Mt. Gox has issued yet another brief statement and this time it is coming straight from CEO Mark Karpeles. The troubled exchange issued a very short statement late yesterday, saying that it decided to “close all transactions” for the time being in order to “protect the site” and its users.
The latest statement won’t do much to reassure customers, either. Here is what Karpeles had to say:
February 26th 2014
Dear MtGox Customers,
As there is a lot of speculation regarding Mt. Gox and its future, I would like to use this opportunity to reassure everyone that I am still in Japan, and working very hard with the support of different parties to find a solution to our recent issues.
Furthermore I would like to kindly ask that people refrain from asking questions to our staff: they have been instructed not to give any response or information. Please visit this page for further announcements and updates.
It should be noted that Karpeles is still nowhere to be found. Mt. Gox moved to new offices and Karpeles isn’t talking to the media (apart from a short statement made to Reuters). This appears to be his only formal statement since the exchange was closed a few days ago.
Serious questions persist
The fact that Karpeles and the rest of the Mt. Gox team have been so secretive ever since the exchange suspended bitcoin withdrawals is just adding insult to injury. A leaked document indicates that the exchange is insolvent, quite spectacularly so.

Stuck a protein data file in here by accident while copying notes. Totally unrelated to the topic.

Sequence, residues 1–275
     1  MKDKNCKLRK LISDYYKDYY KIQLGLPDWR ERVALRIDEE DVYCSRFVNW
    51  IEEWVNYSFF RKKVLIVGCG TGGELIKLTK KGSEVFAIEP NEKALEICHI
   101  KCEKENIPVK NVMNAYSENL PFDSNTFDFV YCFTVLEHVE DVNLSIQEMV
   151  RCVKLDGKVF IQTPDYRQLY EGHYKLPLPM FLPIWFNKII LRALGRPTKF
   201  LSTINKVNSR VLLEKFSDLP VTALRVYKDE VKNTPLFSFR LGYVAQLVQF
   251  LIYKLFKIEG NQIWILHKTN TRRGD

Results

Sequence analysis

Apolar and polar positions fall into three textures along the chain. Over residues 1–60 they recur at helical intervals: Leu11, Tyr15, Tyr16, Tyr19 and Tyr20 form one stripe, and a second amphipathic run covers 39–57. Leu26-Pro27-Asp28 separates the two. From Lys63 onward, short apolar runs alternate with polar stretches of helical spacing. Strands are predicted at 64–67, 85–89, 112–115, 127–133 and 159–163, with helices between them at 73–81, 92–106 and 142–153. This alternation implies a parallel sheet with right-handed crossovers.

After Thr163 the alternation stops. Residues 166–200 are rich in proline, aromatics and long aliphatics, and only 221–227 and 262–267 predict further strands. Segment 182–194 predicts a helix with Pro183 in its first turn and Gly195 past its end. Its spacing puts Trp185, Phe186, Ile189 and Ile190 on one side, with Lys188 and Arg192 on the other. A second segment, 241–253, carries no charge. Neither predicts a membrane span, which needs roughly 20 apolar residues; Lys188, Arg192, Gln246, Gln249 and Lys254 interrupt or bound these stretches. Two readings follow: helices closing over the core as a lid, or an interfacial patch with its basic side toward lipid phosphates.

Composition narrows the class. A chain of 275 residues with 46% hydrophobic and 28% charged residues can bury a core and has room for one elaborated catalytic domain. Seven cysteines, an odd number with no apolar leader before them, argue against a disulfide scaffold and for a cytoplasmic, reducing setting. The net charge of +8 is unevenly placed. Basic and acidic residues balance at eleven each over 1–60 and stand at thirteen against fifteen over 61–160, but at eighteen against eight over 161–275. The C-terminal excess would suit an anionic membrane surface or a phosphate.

An online chat conversation published by Fox Business last night reportedly shows Karpeles telling a consultant that he is not giving up on Mt. Gox. In the chat, Karpeles says the leaked document was not produced by Mt. Gox, but he admits that there is some truth to it.
Even before Mt. Gox closed its doors and abandoned its offices, it was in a world of trouble. It suspended bitcoin withdrawals citing technical issues, namely transaction malleability.
Shortly thereafter, members of the bitcoin community started organising protests in front of the Mt. Gox headquarters in Tokyo. For days the offices were picketed by customers demanding their cash or bitcoins back, but eventually the company simply vanished.
Two days ago Karpeles resigned from the Bitcoin Foundation's Board of Directors. The foundation announced that Karpeles submitted his resignation and that it was effective immediately.
Now we know that Karpeles is still in Japan and that something is happening behind the scenes. The question is – what?
The leader in news and information on cryptocurrency, digital assets and the future of money, CoinDesk is a media outlet that strives for the highest journalistic standards and abides by a strict set of editorial policies. CoinDesk is an independent operating subsidiary of Digital Currency Group, which invests in cryptocurrencies and blockchain startups. As part of their compensation, certain CoinDesk employees, including editorial employees, may receive exposure to DCG equity in the form of stock appreciation rights, which vest over a multi-year period. CoinDesk journalists are not allowed to purchase stock outright in DCG.